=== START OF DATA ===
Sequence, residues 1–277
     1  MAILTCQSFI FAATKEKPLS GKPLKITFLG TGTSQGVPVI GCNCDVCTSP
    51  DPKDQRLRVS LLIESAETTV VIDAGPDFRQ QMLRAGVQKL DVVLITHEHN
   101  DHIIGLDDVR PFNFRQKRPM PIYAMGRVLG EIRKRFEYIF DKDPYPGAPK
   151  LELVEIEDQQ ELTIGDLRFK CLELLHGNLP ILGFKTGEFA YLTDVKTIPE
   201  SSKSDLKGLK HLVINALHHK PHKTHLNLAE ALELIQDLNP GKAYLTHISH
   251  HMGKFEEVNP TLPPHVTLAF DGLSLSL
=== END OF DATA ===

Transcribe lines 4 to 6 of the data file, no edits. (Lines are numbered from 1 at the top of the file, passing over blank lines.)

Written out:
   101  DHIIGLDDVR PFNFRQKRPM PIYAMGRVLG EIRKRFEYIF DKDPYPGAPK
   151  LELVEIEDQQ ELTIGDLRFK CLELLHGNLP ILGFKTGEFA YLTDVKTIPE
   201  SSKSDLKGLK HLVINALHHK PHKTHLNLAE ALELIQDLNP GKAYLTHISH